The settlement value of every case is different because the facts vary from one car accident to the next. We need to explore the plaintiff’s financial, physical, and emotional damages. In a collision involving a pregnant woman, you have the additional variables of:
- Unique harm a pregnant woman can suffer in a car accident
- Injuries to the unborn child
Err on the Side of Caution If You Were in an Accident While Pregnant
Even if you feel perfectly fine and the wreck was a minor fender bender, you should see to your doctor or go to the emergency room for an assessment and evaluation of your and your baby’s health.
The force from a car accident may be enough to injure the baby. If caught early enough, medical professionals may be able to intervene and save the pregnancy.
You do not have to be in a significant collision to suffer injuries when you are pregnant. So, if you were in a car wreck, seek medical evaluation as soon as possible even if you do not feel injured.
Trauma Pregnant Women Can Sustain in Car Wrecks
Since you are growing and carrying another life inside you, a collision can harm you in different ways than if you were not expecting. The four main categories of medical issues the trauma team will assess are:
- Your immediate condition. They will evaluate whether you are physically stable and check your airway, breathing, and circulation.
- Obstetric injuries.
- Non-obstetric injuries.
- Fetal well-being.
What Constitutes Major Trauma for a Pregnant Woman in a Crash
The rules are different for evaluating trauma when you are expecting. If you experienced anything more significant than minor cuts or bruises, the hospital may treat you as having major trauma.
Some symptoms that may indicate a severe injury include:
- Abdominal injury
- Decreased fetal movement
- Vaginal bleeding or fluid loss
Recoverable Damages for a Pregnant Woman in a Car Accident
Some of the damages recoverable in your injury claim may include:
Doctors may keep pregnant women in the hospital for observation and monitoring after a car accident. Some women have to remain hospitalized for several days or weeks. It could be necessary to stay in the hospital for the remainder of the pregnancy.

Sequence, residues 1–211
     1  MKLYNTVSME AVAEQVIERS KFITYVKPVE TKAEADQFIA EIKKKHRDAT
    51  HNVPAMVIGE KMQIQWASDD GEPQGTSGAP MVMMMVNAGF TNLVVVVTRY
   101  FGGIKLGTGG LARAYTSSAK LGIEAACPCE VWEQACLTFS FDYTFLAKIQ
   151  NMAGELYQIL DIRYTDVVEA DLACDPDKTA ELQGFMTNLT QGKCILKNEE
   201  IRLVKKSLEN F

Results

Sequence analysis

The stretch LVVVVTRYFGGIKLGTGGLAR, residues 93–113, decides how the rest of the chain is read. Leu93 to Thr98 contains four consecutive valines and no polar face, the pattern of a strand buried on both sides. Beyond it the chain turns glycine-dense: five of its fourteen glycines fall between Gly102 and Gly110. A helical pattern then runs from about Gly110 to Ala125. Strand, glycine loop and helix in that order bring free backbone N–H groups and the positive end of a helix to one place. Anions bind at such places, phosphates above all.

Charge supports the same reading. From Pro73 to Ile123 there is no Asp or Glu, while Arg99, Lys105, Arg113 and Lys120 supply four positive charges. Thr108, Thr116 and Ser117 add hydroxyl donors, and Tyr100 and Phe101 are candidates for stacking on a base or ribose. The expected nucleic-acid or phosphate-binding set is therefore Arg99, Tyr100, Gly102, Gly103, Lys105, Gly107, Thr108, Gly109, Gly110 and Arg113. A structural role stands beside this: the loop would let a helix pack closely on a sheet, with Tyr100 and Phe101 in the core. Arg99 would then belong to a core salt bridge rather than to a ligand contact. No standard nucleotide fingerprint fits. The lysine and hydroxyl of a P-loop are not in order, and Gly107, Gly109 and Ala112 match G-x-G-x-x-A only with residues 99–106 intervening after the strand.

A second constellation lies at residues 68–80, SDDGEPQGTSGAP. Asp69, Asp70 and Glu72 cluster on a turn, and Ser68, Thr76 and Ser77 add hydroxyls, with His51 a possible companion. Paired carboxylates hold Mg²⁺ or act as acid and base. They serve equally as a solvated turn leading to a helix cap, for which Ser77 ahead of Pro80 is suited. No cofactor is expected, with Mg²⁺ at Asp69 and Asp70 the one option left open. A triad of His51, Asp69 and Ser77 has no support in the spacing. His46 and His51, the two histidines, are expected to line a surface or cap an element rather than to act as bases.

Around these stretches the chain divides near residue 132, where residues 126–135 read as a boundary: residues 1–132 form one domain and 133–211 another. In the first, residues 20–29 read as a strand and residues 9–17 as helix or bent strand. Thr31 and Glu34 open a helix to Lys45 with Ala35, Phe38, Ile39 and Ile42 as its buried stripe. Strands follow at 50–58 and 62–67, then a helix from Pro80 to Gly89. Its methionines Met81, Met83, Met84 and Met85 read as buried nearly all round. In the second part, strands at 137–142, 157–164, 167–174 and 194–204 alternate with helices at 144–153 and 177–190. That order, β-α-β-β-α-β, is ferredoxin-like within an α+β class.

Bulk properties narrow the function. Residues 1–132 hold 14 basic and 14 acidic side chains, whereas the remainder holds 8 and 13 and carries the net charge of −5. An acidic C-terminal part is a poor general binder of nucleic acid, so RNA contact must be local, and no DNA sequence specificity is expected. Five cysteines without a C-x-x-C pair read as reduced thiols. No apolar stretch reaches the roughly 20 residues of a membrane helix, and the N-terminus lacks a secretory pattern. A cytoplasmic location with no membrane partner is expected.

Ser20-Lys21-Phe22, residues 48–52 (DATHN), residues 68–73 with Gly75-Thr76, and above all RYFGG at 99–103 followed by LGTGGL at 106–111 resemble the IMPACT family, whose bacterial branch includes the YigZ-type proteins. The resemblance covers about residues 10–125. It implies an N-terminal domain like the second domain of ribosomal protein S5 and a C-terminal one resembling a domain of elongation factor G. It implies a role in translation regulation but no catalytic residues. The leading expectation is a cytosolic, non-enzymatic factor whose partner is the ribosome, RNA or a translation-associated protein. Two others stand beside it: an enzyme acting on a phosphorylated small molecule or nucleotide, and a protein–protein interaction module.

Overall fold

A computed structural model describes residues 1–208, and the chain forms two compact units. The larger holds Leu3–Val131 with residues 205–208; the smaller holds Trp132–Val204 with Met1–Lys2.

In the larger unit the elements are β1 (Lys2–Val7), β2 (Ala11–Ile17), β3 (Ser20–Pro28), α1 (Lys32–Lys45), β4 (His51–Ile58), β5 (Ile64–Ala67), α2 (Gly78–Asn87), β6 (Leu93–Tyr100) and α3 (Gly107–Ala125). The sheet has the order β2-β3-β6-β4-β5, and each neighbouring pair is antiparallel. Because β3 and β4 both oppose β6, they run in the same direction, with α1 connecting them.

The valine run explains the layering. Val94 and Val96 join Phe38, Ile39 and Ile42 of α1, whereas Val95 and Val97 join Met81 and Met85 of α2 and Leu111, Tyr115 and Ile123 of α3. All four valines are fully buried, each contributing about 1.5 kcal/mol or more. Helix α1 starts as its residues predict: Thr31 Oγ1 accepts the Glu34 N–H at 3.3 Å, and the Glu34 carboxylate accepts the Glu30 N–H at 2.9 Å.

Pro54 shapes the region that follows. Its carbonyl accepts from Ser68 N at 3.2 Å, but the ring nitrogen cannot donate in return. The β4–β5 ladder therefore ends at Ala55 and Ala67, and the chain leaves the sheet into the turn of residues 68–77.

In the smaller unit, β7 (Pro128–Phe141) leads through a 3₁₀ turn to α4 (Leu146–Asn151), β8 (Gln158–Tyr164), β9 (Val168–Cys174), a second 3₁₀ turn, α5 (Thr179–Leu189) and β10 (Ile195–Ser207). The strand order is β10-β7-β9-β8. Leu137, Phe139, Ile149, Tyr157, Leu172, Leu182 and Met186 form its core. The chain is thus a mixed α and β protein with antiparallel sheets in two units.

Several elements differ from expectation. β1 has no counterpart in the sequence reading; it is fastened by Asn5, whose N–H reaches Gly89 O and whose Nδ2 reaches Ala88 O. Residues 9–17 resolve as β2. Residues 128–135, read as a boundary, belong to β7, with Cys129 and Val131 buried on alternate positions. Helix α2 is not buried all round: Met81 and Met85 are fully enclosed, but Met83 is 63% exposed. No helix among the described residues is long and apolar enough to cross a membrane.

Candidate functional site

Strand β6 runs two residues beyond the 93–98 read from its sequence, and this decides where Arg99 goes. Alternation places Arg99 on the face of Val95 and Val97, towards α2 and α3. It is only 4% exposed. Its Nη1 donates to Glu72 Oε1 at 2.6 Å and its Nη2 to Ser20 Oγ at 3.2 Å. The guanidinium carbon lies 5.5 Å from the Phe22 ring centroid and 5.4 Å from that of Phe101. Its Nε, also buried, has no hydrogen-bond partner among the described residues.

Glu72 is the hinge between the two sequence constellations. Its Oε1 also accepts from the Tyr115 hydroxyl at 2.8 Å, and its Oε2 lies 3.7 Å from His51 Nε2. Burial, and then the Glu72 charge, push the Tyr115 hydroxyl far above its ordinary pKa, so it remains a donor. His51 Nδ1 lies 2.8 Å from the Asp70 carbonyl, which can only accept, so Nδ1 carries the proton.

The diagnostic tests, monitoring, and hospitalization can increase the medical expenses significantly over someone in a similar crash who was not expecting.
Your car accident claim should seek compensation for the costs of hospitalization after your accident.
Your settlement will not include your ordinary obstetric expenses, but it can include expenses above the cost of expected medical care for an uneventful pregnancy and delivery if we can tie the medical treatment to the accident.
The emergency room, diagnostic work, procedures, doctor bills, and hospitalization that were necessary because of the accident should be part of your settlement.
As with any negligence case, the income you lost because of the collision is compensable. When a pregnant woman suffers an injury in a car crash, lost wages can be significant, as she may require hospitalization and extended bedrest that keeps her out of work.
Necessary Childcare If You Are in the Hospital or on Bedrest
You may be able to recover compensation for what you had to pay someone else to perform tasks you could not do because of hospitalization or bedrest from a car accident.
If you have other children at home, your spouse or partner, friends, and family might pitch in to replace the care you routinely provided before the crash, but if your circumstances require hiring someone, we can pursue compensation for this expense.